Within a few years, flush with investor cash, he was living at the posh Flamingo condo in South Beach.

Born Luis Miguel Hernandez Batista, Fox claims he is the nephew of former Cuban dictator Fulgencio Batista, a story investors say he peddled to prove he is politically connected.

His family changed his name as a youth in Los Angeles to ``protect me from the Castro regime,'' Fox said.

However, Batista's grandson says Fox isn't a relative. ``I know a lot of uncles and aunts and cousins, and I've never heard of him,'' said Miami lawyer Raoul Cantero, a former Florida Supreme Court justice.

Fox's career as a con man began in California, police say. In 2002, he was convicted of grand theft and spent 272 days in jail.

The scheme he peddled, via the Web: the ``Fox Gold Detector,'' a machine that purported to weigh the amount of gold in any object. Nine clients spent a total of more than $20,000 to buy the machines, which Fox never delivered, according to Manhattan Beach police.

Fox insists the machines were real. But he said he couldn't deliver the devices, which he said could be used to expose fake gold bars at Fort Knox, because they were seized ``by the secret police, or whoever controls the currency.''

After his jail stint, Fox says he began experimenting with the ``Fountain of Youth'' yogurt.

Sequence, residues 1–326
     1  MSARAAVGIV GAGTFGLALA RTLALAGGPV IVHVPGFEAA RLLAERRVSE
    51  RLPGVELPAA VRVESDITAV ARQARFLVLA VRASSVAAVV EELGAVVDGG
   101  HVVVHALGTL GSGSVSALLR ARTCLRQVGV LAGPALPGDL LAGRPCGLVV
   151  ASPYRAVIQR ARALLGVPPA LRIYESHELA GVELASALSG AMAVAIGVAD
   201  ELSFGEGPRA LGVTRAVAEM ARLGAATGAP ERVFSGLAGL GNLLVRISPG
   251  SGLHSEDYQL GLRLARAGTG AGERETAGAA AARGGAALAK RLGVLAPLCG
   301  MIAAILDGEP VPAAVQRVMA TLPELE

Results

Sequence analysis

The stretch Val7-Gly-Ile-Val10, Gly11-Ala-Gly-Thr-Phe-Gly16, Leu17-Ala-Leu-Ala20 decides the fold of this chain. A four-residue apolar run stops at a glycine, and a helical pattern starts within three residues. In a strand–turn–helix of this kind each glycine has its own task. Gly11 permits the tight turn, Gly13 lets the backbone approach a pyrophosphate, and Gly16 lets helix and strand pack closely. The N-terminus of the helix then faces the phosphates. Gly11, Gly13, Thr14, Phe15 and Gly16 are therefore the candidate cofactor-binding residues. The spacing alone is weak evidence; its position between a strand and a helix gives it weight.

At the heart of his so-called invention is a naturally ocurring enzyme known as telomerase, discovered in the early '80s, which scientists believe stems the decline of cells. But the research is still basic, and has not shown that successfully introducing the enzyme into the body can reverse aging in older humans, experts say.

Fox asserts he can get the enzyme into the body through yogurt bacteria. That's a dubious claim, said Michigan clinical physician Dr. Michael Fossel.

``Total waste of time,'' said Fossel, a Michigan State University professor and author of the 2004 book Cells, Aging, and Human Disease. ``On the face of it, scientifically, it's got to be'' bogus.


But Fox pitched it well, throwing around scientific terms with authority and accuracy, said Dr. Andrew Pastewski, a pulmonologist at Jackson South Community Hospital who in 2007 invested $2,000 in Telogenesis.